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Saturday, February 9, 2008

Biased European genetics (again)

I am pretty sure that it's not really intentional but each time they study autosomal European genetic variation, they forget to study the central strip (French, Austrians, Hungarians, etc.). They seem to like going to the extremes and somehow "demonstrate" a fallacious discontinuity between Northern and Southern Europe.

This is the case of the new research by a US team led by Chao Tian. The overall results are most visible in figure 2C (excluding Askhenazis) that show both a distribution along the East-West geographical axis and along the North-South axis (maybe more apparent for lack of intermediate populations). Smaller components (figure 6) also seem to emphasize the E-W dominant cline, though they are dismissed by the authors.

This last is surely wrong. Not much older studies of the same kind evidenced (Bauchet et al, 2007) that when taken only two components the results are actually much distorted. Often smaller components in the overall, are very important and even dominant in one specific population. These locally dominant components become invisible when only the two or three more extended are considered, making large geographically defined populations to be classified by a minor component of their genetic pool.

European five main clusters

The above image is a five-pole diagram I drew some time ago based in the K=5 graph below from that other study (the study reached to K=6 but the 6th component was too diffuse to matter, maybe it is a Balcanic or Eastern European element, as these areas were not studied).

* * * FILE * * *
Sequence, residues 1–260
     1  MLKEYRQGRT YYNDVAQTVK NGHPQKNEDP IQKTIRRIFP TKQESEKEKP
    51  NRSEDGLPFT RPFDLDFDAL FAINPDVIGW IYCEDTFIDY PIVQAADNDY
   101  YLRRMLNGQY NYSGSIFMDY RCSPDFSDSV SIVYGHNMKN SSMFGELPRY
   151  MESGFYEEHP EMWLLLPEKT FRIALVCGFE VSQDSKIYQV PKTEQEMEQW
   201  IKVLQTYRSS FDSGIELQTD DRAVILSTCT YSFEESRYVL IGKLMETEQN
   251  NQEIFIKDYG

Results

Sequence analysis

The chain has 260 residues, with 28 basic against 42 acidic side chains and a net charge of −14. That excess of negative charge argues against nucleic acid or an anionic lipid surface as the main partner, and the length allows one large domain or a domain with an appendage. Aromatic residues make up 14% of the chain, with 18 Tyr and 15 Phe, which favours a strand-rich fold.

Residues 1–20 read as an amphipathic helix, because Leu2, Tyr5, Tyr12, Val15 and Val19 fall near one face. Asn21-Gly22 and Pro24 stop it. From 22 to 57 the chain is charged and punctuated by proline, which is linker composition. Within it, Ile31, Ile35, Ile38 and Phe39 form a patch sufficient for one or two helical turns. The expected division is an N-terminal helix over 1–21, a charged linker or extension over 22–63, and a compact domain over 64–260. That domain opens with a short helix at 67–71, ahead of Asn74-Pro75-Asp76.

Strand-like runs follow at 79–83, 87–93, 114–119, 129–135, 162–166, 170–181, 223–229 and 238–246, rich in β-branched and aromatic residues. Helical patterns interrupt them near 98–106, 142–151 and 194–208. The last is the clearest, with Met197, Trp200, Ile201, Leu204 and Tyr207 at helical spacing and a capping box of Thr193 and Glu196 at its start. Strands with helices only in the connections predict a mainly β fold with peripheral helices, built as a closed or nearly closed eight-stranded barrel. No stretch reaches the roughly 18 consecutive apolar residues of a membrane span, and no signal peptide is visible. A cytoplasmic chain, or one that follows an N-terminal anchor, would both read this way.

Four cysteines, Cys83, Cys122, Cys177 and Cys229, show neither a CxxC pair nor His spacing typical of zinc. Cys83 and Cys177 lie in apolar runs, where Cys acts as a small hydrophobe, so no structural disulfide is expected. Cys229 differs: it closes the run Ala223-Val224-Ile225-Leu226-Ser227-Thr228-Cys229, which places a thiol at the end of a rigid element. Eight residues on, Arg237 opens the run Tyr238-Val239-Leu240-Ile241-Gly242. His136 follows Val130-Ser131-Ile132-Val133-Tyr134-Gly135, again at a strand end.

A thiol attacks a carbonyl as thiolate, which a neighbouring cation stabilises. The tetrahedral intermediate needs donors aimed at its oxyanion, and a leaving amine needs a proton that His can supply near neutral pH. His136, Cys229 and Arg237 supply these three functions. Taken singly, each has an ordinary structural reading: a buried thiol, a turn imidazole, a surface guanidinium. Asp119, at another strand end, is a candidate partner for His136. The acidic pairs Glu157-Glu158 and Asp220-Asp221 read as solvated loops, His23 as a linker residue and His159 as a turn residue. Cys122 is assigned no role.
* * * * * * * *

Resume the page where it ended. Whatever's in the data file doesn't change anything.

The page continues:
Considered only two components (K=2, not shown but corresponding to the red and blue ones), Spanish samples, for instance, fell almost completely in the red "Near Eastern" zone, while Basques resulted extremely ambiguous (due to near lack of either of these two components).

Instead, seen as a plot of five components, Spanish and Basques clearly cluster primarily with themselves and no one else. Some Spanish are somewhat intermediate with Eastern Mediterraneans while others are intermediate with Basques but mostly they cluster on their own.

Another find of the K=5 plot is a Central-Northern European cluster (green) distinct of the "Finnic" blue marker. Also it's noticeable that many Northern Europeans show tendencies towards not just Finns but also Basques or even Southern Europeans in some cases. Again the lack of representation of the intermediate strip (France is only represented by one sample, while the Danubian basin, the Balcans and Eastern Europe are totally absent) creates some distortion, enhancing N/S differences.

By the way, how do I read these clusters? In my opinion the Iberian (cyan), Basque (orange) and Central-North (green) clusters must represent late Paleolithic Magdalenian and/or Epipaleolithic populations: those of the Iberian, Franco-Cantabrian and Rhin-Danub regions respectively. The two principal components instead would represent two later arrivals: Neolithic for the red (Eastern Mediterranean) one and Uralic (Fino-Ugric) for the blue one - though this last one poses some difficulties of interpretation actually (it is very possible that this "Uralic" element has been distributed by Indo-European migrations as well, specially those linked to Scandinavia and the Baltic region, like Germanic peoples).

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